A Frame for Understanding Active Mobility
While there is an interest in improving public passenger rail transport through the War Room, an emerging public transport subsidy framework which is inclusive, and the contraction in the capital allocations for contracted busses there is a new conversation emerging.
NMT is more than about moving from one point to another, it is about integrating cities, people and networks in a scale that is sustainable. Mr Christian Grün from the German embassy practically highlighted that a bicycle is a symbol, a material artefact and a social value ‘place’ and cities like Germany were rebuilt to reflect a new “freeway for all”. He outlined the future of public transport systems as a present day focus on active mobility and access.
As a keynote to lay the first strokes on a vast canvas, Dr Njogu Morgan a post-doc from WITS University, untangled the bicycle licensing practice in South Africa’s loose knot on mobility getting looser from 1935 onwards. Various elements lead to the demise, but his sense relates to (a) interrelated frames of observation; (b) power and the public image; (c) shifting beyond mobility; and (d) forming a sense of belonging.
Independent consultant Gail Jennings, purported that people are aware that traffic congestion is causing massive delays, and using NMT might be a way out if it. Her preliminary work on a choice-specific group reveals that there is a life-course transition sphere which shows that people who used to cycle when younger, are may well cycle later on. However, this is exacerbated by having a and developing a community of people who actually perform this type of activity beyond recreation. Her proposal is that evidence based advocacy messaging on a behavioural level is an important lever for inducing NMT demand.
Prof Marianne Vanderschuren from the University of Cape Town zeroed in on the context specific nature of interventions with a focus on emphasising that: (a) mobility and access needs to be observed at each Transport Analysis Zone (TAZ) for effective local intervention; (b) life-cycle costing is a more clearer and comparable tool to select projects— especially where NMT is concerned; and (c) long-term planning requires good planning which does not have to be repeated every cycle— only improved slightly.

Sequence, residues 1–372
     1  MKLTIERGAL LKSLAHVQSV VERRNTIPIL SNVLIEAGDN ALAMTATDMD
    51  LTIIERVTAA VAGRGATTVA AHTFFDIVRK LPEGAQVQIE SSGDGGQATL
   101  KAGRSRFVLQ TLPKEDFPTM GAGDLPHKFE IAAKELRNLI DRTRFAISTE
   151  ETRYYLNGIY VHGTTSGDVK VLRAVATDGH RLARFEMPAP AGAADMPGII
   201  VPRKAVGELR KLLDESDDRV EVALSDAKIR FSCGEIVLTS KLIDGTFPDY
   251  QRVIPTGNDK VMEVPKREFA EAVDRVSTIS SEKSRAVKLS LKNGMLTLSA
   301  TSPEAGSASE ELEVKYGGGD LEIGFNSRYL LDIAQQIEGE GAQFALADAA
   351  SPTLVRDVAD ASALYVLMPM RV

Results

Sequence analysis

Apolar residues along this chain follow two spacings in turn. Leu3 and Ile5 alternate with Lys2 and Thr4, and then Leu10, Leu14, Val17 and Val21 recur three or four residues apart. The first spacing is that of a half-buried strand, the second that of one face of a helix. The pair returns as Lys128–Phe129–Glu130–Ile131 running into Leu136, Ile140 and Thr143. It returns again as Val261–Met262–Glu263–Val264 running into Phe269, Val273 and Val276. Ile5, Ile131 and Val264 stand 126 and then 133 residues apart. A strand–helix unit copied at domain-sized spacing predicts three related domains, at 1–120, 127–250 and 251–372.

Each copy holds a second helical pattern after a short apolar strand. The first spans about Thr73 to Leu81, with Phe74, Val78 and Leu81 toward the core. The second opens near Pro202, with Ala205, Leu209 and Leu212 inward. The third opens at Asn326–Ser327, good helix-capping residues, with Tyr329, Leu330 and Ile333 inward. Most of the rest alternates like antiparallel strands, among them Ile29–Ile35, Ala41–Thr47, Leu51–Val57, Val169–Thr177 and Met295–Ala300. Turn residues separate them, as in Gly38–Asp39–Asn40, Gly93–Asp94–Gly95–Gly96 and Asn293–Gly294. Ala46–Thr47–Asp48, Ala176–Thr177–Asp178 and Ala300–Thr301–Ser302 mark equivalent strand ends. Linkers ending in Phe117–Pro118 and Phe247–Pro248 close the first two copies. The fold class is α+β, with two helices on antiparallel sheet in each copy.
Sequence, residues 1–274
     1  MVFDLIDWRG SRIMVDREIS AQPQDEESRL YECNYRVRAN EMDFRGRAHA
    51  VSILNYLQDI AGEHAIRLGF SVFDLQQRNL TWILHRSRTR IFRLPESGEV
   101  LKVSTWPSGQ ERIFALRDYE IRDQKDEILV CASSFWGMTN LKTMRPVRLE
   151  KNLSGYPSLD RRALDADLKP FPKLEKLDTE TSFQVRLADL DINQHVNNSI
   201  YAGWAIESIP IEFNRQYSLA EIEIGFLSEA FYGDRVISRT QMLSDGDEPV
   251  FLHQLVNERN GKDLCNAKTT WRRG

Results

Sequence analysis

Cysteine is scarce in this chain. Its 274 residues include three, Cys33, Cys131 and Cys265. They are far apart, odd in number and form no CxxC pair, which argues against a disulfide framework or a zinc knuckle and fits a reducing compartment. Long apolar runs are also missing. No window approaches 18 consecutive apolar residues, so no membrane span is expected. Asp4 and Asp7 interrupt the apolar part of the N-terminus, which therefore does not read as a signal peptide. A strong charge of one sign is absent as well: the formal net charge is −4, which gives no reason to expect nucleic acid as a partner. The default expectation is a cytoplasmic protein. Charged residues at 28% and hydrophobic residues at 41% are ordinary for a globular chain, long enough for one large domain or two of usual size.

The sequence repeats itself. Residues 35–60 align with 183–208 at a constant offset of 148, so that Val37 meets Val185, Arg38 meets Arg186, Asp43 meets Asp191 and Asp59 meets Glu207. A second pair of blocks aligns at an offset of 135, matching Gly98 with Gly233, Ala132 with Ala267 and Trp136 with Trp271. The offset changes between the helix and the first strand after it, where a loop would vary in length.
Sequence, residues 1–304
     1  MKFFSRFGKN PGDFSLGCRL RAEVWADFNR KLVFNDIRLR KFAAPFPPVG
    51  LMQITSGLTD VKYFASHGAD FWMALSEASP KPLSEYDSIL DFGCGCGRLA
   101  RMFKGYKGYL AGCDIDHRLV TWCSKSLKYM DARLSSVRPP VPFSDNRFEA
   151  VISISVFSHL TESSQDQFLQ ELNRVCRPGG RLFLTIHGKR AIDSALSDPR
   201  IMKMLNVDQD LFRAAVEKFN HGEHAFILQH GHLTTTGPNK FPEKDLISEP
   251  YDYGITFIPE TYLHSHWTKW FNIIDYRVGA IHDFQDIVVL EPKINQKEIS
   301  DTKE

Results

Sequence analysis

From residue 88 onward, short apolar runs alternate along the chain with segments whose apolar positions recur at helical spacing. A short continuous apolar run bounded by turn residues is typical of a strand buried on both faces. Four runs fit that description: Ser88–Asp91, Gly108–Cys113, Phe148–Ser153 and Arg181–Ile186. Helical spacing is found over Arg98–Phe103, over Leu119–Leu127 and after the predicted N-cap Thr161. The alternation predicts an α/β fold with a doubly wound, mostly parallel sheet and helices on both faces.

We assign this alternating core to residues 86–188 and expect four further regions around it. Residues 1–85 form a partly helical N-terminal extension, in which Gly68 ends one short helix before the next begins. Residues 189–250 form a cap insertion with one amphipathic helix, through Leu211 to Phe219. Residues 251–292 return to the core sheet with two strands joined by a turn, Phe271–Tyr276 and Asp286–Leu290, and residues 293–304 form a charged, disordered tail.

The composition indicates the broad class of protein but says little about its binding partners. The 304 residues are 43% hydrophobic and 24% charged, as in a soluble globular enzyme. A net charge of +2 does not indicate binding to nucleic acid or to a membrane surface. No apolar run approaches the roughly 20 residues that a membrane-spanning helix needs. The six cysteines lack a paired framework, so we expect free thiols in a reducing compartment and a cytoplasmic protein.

Two of the last speakers in the plenary session Mr Martin Lev Simonsen and Jens Dyring Christensen highlighted a few interrelated points. First that having a policy without an action plan for local level intervention is crucial and supporting it through commensurate capital allocations is key. However, for the Municipality of Aarhus it was also important to integrate publicly available guidelines such as those found in Cycling Solutions. For employers, incentives to support biking to work are the best way to get cities moving, through an employer to employer bike-to-work competition with employee teams and prizes, Christensen argues that this same model can be applied to schools and institutions through the Pro Velo Switzerland initiative. From here, the event was split through advocacy, enabling and innovation groups.
Focusing on Practice Beyond the Canvas
At the heart of the conversation were various practical examples from Africa and Europe related to developing NMT interventions that are sustainable, financially viable, industrially suitable and capable of enabling the mind shift necessary to support NMT use, policy making and infrastructure decisions.
Understanding that riding a bicycle is usually something that people pick up at a young age, ensuring that learners can ride and access bicycles through training academies, and bicycles which are durable and suitable for young and old. Doing this well, requires a package of interventions such as what is being done in Go!Durban focused on trust, or in Kenya, Nairobi through the Transformative Urban Mobility Initiative (TUMI). The package of interventions require actions which enable learning, marketing, technologies, community involvement, and environmental development.
Dr Tonny Omwansa presented the TUMI approach in Kenya which focuses on accelerating start-ups through partnerships between education, public and private sector in a manner that advances curricula, public development and private sector’s social investment and the emergence of new business. The approach shifts the universities and entities involved beyond the traditional curricula toward a problem-based one (see the Problem-Based Learning Africa platform); and expands the opportunities for funding outside of the help of public sector but rather toward organisations and entities that are aligned with these initiatives.